Microsoft is pushing managed copy so hard so they could corner the market with their own proprietary hardware and software, which will network with other devices that include Microsoft software. If managed copy is going to see the light of day, Microsoft cannot be in the picture. Anything that smells of Microsoft right now is totally taboo in Hollywood. In talking with my counterparts at Lionsgate, Sony, Paramount and Fox, I am left with the impression that any managed copy with a Microsoft attachment is DOA from the studios perspective.

    Toshiba has not learned a dang thing from their experience with Microsoft. I am also surprised that Toshiba has not learned that anything attach to Microsoft that is presented to the DVD forum, has largely failed until they change the voting rules. It has happened time and time again. Microsoft’s name is cow plop in Hollywood right now.

    Having all of this new interactivity will require a new DVD player. Not one of these new features bought into the picture is accessible with current DVD players. Not one of these features is currently on DVD disc. Toshiba will essentially be starting from scratch, with players and disc. I do not think the player issue is really an issue at all, as all Toshiba has to do is take the HD DVD design and remove the HD DVD drive in favor of a standard one. So they are going to have to sell this format based solely on interactivity, and based on the studios own surveys, only 30% of viewers look at the extras once, way less twice, and some immeasurable amount three times.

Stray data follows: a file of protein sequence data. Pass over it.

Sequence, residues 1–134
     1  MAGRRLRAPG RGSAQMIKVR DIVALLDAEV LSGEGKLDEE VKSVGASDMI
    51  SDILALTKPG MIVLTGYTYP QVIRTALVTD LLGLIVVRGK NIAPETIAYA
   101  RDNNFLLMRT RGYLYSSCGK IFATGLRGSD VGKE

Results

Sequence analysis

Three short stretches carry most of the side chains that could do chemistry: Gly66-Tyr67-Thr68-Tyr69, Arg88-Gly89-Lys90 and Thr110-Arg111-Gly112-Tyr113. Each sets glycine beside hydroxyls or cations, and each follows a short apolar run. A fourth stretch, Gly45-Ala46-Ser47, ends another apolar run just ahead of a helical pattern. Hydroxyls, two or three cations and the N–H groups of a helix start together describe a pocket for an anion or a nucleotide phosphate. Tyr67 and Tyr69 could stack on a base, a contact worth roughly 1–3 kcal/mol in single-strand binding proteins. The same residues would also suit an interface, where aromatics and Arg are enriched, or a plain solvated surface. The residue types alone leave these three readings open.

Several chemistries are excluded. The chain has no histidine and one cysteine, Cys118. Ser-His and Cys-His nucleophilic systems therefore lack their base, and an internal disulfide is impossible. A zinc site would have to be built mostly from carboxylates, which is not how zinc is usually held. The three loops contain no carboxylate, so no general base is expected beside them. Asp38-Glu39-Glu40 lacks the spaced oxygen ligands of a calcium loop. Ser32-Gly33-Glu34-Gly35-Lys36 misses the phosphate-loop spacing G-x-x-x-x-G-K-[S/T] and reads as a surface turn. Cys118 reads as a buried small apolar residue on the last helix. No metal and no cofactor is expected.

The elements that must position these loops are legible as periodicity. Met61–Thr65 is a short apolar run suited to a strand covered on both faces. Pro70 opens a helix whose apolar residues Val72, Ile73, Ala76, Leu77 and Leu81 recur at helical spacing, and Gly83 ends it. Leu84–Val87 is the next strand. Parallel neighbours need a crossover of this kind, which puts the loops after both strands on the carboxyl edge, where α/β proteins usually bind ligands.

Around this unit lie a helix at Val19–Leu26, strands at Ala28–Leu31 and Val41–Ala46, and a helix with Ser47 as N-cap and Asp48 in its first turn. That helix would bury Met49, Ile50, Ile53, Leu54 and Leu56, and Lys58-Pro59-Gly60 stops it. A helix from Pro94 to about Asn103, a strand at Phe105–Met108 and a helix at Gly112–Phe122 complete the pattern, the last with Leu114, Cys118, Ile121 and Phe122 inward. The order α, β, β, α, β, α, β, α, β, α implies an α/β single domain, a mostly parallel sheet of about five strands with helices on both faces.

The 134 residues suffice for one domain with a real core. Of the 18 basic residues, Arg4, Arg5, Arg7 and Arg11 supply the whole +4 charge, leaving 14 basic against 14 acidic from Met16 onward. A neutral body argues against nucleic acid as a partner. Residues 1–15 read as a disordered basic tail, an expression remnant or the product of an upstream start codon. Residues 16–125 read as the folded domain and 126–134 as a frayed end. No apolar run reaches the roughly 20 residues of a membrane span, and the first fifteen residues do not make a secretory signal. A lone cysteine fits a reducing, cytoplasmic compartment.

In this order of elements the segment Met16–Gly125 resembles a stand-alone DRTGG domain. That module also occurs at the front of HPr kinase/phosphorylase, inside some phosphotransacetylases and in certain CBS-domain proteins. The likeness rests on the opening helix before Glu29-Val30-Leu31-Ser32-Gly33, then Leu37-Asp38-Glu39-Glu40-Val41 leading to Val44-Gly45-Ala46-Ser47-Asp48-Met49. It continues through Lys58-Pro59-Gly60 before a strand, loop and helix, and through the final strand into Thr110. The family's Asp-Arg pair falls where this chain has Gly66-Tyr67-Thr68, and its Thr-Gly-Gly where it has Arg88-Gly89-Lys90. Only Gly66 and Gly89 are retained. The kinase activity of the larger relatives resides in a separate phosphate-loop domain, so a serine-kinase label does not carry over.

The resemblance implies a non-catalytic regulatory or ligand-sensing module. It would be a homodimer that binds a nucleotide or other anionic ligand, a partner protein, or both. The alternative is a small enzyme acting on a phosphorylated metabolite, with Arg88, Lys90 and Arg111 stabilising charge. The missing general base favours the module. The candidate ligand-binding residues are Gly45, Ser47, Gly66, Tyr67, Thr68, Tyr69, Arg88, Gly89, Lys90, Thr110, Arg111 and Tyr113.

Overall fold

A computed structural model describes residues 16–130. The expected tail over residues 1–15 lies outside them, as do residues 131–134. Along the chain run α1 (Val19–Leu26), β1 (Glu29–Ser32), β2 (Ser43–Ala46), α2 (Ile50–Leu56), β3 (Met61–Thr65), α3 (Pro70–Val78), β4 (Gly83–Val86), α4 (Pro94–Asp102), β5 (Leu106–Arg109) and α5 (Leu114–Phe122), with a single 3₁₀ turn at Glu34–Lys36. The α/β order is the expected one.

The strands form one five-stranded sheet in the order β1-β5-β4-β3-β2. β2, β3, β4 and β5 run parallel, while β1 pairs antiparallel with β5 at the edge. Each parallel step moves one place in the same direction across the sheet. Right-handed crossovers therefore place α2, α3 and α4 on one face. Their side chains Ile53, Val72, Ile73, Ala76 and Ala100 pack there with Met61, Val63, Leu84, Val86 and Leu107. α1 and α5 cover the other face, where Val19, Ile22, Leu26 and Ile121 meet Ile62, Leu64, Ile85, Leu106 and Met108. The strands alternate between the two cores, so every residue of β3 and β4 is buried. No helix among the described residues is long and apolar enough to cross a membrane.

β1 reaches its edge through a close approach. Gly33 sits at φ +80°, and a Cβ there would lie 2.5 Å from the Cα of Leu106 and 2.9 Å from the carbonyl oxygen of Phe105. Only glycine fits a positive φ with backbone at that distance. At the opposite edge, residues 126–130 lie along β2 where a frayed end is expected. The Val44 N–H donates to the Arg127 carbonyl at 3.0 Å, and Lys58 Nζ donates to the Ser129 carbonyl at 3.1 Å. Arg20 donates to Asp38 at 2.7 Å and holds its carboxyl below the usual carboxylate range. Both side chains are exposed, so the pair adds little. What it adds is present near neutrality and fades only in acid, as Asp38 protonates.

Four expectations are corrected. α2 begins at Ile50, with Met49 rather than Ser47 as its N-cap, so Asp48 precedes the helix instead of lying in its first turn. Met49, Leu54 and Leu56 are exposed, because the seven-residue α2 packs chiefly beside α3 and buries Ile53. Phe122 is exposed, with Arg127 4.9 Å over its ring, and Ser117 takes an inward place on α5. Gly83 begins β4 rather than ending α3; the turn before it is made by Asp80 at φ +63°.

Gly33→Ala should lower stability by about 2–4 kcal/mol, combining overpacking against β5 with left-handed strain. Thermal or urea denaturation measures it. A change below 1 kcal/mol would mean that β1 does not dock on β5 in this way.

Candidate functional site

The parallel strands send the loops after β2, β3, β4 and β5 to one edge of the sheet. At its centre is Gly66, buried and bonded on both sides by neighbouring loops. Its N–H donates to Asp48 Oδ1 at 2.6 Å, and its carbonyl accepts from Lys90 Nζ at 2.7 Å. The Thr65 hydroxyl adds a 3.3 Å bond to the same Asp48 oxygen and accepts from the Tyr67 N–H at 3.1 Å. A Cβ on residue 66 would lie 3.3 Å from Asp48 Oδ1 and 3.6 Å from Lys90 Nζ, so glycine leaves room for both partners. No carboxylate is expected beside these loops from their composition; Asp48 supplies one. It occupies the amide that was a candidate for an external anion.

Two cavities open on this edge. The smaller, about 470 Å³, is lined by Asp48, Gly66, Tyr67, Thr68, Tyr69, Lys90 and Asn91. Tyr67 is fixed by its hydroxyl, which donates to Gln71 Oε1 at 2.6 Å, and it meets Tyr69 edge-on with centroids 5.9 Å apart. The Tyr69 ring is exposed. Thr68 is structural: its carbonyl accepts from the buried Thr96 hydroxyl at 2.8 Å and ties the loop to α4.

Lastly, I really do not think this proposal is going to get out of committee. Based on the temperature I took from my counterparts, they see this as Toshiba way of trying to stall bluray in the market since HD DVD could not compete with bluray. They see this as sour grapes, and a poison pill technique. I know for a fact that Sony, Disney nor Fox is going to support this, Warner may not because they stand to lose more than anyone if Bluray does not take off. Paramount/Dreamworks could possibly support it, but I doubt Universal will, Toshiba really shafted and embarrassed them with the whole HD DVD war. The bottom line is that the life of DVD is almost over as far as the studio are concerned. Without a back catalog to support new releases, they just cannot make money on DVD anymore. With new releases slowing down because of costs, that means fewer DVD releases than in the past, which means…less money. The fact that this will cost either the studio, or Toshiba will have to subsidize it; will probably stop it in its tracks. After losing a half a billion dollars on HD DVD, I do not think Toshiba has the stomach to lose any more money on another venture. I do not think the CE manufacturers are going for it, because high priced DVD players are just not selling, and the lower priced ones are not making anyone any money. IMO this is going no where fast, but I understand Toshiba feeble attempt at trying to keep the DVD forum (for which they chair) from descending to irrelevancy. The problem is, it is probably too late for that now.